Aging is an natural part of life, and as citizens grow older, they may have more complicated medical needs, both mentally and physically, and an elderly citizen may need home care assistance so that their lives can be safer, more convenient, and more dignified, and home care assistance may be simply vital for seniors who are going through serious conditions such as major cases of arthritis or dementia such as Alzheimer’s, or serious joint or hip pain. Disability assistance can be another form of home care assistance for elderly citizens who cannot manage all of their chores or other activities alone due to their bodily limitations, and care management services can be hired so that professional nurses and other trained experts can take care of any client. Professional care can ensure that any elderly American today can continue to have a dignified and comfortable life well into their golden years.
Americans and Age
Everyone grows older over time, and statistics are available to show some trends of health and other numbers as American adults enter senior citizen status. Often, Americans can live for many years; the Institute on Aging has released data showing that by 2010, 5.5 million Americans had lived to the age of 85 or beyond, and by the year 2050, this age group might grow to 19 million Americans, representing 5% of the entire population. Often, growing older means increased medical needs for physical and mental ailments alike, and seniors tend to visit the hospitals more often and receive more medication than younger demographics. For example, by the year 2030, nearly six out of 10 Baby Boomers (those born between 1945-1962) will be managing a chronic condition, and nearly 70% of those aged 65 or over will need long-term care at some point in their lives. Other statistics show that around 80% of seniors have at least one chronic disease, and 68% actually have two or more.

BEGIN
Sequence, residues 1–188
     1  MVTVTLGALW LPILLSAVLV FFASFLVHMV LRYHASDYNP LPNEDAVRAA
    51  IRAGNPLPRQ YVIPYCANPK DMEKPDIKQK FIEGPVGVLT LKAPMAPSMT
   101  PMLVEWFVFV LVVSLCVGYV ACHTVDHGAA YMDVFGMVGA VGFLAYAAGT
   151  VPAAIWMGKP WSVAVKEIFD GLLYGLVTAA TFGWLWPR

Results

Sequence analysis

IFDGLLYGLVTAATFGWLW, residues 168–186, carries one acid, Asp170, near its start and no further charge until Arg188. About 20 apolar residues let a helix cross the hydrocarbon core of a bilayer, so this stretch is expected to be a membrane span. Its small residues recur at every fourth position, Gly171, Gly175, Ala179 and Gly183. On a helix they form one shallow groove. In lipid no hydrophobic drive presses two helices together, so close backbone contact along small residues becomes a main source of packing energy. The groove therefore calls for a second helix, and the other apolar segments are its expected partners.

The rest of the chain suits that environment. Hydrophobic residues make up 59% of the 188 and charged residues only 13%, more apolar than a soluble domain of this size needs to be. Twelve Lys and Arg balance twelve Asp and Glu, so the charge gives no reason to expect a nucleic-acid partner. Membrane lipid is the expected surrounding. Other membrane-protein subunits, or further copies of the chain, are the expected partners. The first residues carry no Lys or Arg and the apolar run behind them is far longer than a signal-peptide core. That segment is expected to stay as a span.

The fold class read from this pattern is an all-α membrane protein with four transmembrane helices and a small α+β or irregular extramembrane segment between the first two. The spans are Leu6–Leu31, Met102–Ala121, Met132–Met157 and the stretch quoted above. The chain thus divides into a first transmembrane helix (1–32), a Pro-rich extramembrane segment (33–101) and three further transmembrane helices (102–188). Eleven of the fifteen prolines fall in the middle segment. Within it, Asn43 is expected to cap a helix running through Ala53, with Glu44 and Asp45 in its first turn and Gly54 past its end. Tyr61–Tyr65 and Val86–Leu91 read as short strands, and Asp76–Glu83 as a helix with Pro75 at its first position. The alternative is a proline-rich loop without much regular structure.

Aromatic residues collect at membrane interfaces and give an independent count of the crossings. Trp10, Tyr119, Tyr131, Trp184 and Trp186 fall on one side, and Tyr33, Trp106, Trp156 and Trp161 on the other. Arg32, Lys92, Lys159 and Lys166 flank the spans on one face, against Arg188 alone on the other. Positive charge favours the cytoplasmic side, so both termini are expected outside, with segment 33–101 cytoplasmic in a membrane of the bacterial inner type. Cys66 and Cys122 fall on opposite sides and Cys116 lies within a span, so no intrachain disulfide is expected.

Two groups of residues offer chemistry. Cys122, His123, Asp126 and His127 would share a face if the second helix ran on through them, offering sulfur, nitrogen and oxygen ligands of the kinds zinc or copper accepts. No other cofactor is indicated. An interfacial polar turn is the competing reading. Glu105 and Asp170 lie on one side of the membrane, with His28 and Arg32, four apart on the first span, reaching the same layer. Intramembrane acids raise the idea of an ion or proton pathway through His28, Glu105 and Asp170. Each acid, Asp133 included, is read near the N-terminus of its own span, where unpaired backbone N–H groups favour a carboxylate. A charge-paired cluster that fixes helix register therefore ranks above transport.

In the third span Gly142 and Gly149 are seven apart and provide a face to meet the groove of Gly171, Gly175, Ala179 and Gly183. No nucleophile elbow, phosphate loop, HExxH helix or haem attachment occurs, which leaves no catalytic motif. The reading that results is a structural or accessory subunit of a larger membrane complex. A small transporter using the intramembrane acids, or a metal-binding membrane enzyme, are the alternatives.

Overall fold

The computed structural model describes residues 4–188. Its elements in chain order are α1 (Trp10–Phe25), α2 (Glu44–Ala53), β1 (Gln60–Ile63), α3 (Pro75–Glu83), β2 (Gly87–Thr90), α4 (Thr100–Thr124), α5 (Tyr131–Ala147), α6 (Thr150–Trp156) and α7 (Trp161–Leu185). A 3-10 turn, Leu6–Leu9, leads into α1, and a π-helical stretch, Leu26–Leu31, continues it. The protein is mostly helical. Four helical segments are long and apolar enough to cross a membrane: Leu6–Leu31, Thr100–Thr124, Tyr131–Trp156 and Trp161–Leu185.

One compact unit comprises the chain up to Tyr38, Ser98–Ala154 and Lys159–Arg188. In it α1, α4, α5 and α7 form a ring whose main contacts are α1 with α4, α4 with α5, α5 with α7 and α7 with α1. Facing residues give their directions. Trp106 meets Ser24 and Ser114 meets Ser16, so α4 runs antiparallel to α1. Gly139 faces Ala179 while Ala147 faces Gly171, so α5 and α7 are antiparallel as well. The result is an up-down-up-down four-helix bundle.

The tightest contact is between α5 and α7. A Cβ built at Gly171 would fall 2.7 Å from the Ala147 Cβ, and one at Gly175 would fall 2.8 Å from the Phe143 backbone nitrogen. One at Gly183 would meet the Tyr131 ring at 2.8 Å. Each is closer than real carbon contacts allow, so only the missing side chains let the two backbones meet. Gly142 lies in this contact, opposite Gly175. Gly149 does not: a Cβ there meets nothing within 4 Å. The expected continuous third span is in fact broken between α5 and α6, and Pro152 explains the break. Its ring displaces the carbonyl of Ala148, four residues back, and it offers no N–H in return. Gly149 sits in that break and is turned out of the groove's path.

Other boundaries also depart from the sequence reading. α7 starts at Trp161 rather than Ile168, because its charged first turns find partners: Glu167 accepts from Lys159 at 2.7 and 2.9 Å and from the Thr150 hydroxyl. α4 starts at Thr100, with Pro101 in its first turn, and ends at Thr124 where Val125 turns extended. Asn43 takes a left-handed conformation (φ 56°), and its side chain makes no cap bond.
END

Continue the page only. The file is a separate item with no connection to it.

Meanwhile, Alzheimer’s Disease is an unpreventable neurological issue that affects many older citizens. Some 5.7 million Americans suffer from Alzheimer’s disease, most of them aged 65 or over, and it is estimated that by the year 2050, the Alzheimer’s patient population may grow to 14 million. This disease cannot be prevented or treated, but a number of methods exist to help slow down its effects or make it less likely to appear, and those who do suffer from it have a number of options open to them. In general, elderly Americans with a condition (or several) can have home care assistance provided to help maintain their lifestyle and ensure relatively good health. What can be done to make this possible?
Home Care Assistance
Some elderly citizens live in retirement homes, but others either live too far away to reach one or simply cannot afford it or do not even need it, and some elderly citizens will prefer to stay in their own private residence and have health care professionals take care of their needs. These professionals can provide company as well as medication and checkups, and this helps maintain the patient’s health and happiness every day. Family can also visit to provide company, and a positive, strong social life can help slightly mitigate the effects of dementia.
For those suffering Alzheimer’s and other forms of dementia, steps can be taken to keep their lives comfortable and safe in the home. For one thing, hazards should be removed. Since Alzheimer’s often causes physical clumsiness, home care assistants can clear away tripping hazards such as rugs, electrical cords, and small items to prevent trips, and sharp or flame-producing items such as knives, scissors, matches, and even needles can be kept locked away and only accessed and used by home care assistants, to prevent injury. Keeping items in a logical arrangement and placing sentimental items can help reduce the impact of memory loss, and whenever the patient goes outside for a walk or errands, he or she can carry a photo ID name tag with their address and emergency contact information. This can save a life if the patient gets lost or if they get hurt and cannot return home, and anyone who finds them can contact the caregivers, who can then retrieve the patient.